David Hughes column 1

David Hughes co-authors a food retail blog with Miguel Flavian, at www.supermarketsinyourpocket.com

As you may know from furtively reading the Daily Mail, Britain’s shores are popular: net immigration was 340,000 in 2014, giving the UK a population growth rate of around 0.5 per cent. That’s most unusual for a mature developed European country, where the norm is for population to be static at best but more likely to be in decline (e.g Germany, Russia, Spain, Italy); or, say, Japan where population is in freefall. For the UK, a combination of a mini baby boom and increased immigration is putting us on a track where we might overhaul Germany to become the most populous EU country.

Let’s not dismiss the impact that heavy inflows of people into concentrated areas can have on demand for housing, schools, hospitals, and, indeed, the social tensions that can result from cultural clashes but, all in all, the UK has been pretty good at assimilating waves of immigrants and this has been to the betterment of the health and wellbeing of the food industry. Why?

It’s much easier to grow a business in an expanding market than in one that is contracting – from 2020 and on Japan’s population will decrease by one million per year, which explains why Japanese food manufacturers and retailers are very active in expanding in emerging markets.

Local, regional, seasonal foods are on trend and our domestic market is our most loyal and growing – good news for our food producers and retailers. Peruse the shelves in Asda and Tesco – Polish pierogis [dumplings]and cabbage rolls, iconic Irish comfort food, and authentic Asian fare add interest and excitement to meal times.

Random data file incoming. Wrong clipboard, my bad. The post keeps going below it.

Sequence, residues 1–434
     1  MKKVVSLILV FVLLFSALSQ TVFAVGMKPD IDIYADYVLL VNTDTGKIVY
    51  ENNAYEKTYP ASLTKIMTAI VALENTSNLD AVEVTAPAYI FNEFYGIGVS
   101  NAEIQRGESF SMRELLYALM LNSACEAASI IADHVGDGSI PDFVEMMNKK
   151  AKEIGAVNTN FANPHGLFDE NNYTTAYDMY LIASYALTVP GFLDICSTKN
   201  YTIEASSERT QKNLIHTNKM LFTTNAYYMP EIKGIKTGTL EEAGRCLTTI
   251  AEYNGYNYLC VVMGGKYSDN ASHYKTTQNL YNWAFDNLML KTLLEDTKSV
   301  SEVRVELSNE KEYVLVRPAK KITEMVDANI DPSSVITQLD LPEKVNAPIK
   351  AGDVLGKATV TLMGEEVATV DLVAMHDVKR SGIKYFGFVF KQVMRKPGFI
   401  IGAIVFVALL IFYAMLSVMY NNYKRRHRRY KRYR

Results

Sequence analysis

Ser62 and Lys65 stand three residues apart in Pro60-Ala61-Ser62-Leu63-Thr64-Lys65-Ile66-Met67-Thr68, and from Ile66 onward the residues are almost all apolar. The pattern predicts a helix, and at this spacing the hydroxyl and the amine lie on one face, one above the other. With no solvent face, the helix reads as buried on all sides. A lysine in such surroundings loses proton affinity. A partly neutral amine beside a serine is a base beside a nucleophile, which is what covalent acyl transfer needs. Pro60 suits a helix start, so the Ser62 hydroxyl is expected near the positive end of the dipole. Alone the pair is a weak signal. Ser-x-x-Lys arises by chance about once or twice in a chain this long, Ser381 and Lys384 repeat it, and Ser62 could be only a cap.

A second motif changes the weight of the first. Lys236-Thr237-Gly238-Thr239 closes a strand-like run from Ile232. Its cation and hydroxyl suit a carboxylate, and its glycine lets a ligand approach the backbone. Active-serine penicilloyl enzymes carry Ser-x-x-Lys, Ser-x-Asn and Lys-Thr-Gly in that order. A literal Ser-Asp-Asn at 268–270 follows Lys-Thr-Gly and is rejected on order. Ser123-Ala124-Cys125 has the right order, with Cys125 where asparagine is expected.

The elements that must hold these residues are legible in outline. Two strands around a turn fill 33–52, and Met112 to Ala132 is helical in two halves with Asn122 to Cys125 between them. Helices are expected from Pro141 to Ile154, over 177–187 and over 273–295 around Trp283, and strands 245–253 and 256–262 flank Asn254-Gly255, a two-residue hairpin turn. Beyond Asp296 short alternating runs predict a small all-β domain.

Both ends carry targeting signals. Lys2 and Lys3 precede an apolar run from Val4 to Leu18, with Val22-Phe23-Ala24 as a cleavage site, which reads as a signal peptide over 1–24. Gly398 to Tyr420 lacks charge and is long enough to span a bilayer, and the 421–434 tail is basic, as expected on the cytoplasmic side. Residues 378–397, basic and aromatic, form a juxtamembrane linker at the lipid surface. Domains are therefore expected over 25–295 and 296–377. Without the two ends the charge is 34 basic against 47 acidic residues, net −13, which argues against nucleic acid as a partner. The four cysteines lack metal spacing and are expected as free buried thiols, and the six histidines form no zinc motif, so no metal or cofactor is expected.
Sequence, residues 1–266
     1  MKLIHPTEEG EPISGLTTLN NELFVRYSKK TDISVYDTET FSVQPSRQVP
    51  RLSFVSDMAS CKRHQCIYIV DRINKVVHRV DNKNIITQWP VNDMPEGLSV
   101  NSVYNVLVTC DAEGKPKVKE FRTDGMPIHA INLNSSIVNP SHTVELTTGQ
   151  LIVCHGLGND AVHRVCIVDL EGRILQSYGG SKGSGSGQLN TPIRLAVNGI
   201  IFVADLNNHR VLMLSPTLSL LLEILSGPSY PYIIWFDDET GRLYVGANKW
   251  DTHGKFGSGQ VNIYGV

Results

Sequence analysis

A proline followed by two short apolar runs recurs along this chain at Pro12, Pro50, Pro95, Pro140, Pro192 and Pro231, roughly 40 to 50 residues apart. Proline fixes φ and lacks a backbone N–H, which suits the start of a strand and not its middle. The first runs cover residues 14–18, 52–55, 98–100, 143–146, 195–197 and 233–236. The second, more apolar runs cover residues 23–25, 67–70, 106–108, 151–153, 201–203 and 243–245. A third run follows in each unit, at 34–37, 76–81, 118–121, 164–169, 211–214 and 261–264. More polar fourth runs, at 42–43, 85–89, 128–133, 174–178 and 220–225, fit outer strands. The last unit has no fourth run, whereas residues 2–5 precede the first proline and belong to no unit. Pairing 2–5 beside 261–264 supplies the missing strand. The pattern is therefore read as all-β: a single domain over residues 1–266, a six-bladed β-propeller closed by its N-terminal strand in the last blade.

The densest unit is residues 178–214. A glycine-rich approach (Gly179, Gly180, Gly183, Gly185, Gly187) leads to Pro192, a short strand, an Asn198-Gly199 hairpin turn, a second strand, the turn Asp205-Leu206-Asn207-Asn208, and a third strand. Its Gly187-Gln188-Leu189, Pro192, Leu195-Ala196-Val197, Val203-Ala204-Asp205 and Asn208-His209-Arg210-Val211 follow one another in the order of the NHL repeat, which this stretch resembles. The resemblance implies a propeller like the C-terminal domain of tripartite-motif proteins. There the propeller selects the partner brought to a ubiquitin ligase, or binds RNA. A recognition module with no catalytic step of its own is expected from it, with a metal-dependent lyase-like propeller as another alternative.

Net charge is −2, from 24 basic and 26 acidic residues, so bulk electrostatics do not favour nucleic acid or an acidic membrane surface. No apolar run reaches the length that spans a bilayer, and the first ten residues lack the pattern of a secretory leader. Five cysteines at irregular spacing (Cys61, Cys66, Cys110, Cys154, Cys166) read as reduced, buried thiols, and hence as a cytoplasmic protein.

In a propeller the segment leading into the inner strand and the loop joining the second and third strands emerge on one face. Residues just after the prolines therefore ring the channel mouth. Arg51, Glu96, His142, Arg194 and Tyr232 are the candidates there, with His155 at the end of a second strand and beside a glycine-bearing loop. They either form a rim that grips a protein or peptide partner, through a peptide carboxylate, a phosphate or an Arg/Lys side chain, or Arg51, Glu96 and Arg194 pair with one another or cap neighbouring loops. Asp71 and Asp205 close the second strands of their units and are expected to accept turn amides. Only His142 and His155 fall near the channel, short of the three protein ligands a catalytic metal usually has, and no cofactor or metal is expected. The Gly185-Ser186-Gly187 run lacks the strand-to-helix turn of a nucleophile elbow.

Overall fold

Almost 30 per cent of UK food manufacturing employees are foreign born and the proportion working in the produce industry must be far higher. Albion under threat? Far from it! Some 13 per cent of our total population is foreign born (it’s 28 per cent in Australia and 21 per cent in Canada). In the absence of new arrivals, who would pick the produce, process and pack it, and work long hours in conditions that some might consider cold, damp and challenging? If you’re positive on the food industry, then, sheer commercial pragmatism requires you to be positive on immigration.

We recognise the challenging issues surrounding current high levels of immigration but there’s a stark humanitarian element that should concern us all: desperate, starving people will do anything to make a better life for their families (wouldn’t you?) They are unstoppable – no barrier will keep them out.

We should help them to improve their lot and welcome those who through striving for a better life will contribute to growth in our economy and progression in our civil society.